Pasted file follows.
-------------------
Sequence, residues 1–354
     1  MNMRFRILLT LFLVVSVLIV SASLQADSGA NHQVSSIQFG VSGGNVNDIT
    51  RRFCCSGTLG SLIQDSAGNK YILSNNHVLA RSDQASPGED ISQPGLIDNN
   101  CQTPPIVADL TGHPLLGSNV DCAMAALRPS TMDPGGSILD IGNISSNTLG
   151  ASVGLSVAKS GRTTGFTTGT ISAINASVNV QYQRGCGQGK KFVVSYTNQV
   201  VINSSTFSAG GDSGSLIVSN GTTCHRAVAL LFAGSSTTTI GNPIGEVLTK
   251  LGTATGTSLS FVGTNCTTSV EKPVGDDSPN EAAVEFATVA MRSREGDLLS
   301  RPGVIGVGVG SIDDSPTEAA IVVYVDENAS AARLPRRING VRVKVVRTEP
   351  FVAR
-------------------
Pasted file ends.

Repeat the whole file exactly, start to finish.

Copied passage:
Sequence, residues 1–354
     1  MNMRFRILLT LFLVVSVLIV SASLQADSGA NHQVSSIQFG VSGGNVNDIT
    51  RRFCCSGTLG SLIQDSAGNK YILSNNHVLA RSDQASPGED ISQPGLIDNN
   101  CQTPPIVADL TGHPLLGSNV DCAMAALRPS TMDPGGSILD IGNISSNTLG
   151  ASVGLSVAKS GRTTGFTTGT ISAINASVNV QYQRGCGQGK KFVVSYTNQV
   201  VINSSTFSAG GDSGSLIVSN GTTCHRAVAL LFAGSSTTTI GNPIGEVLTK
   251  LGTATGTSLS FVGTNCTTSV EKPVGDDSPN EAAVEFATVA MRSREGDLLS
   301  RPGVIGVGVG SIDDSPTEAA IVVYVDENAS AARLPRRING VRVKVVRTEP
   351  FVAR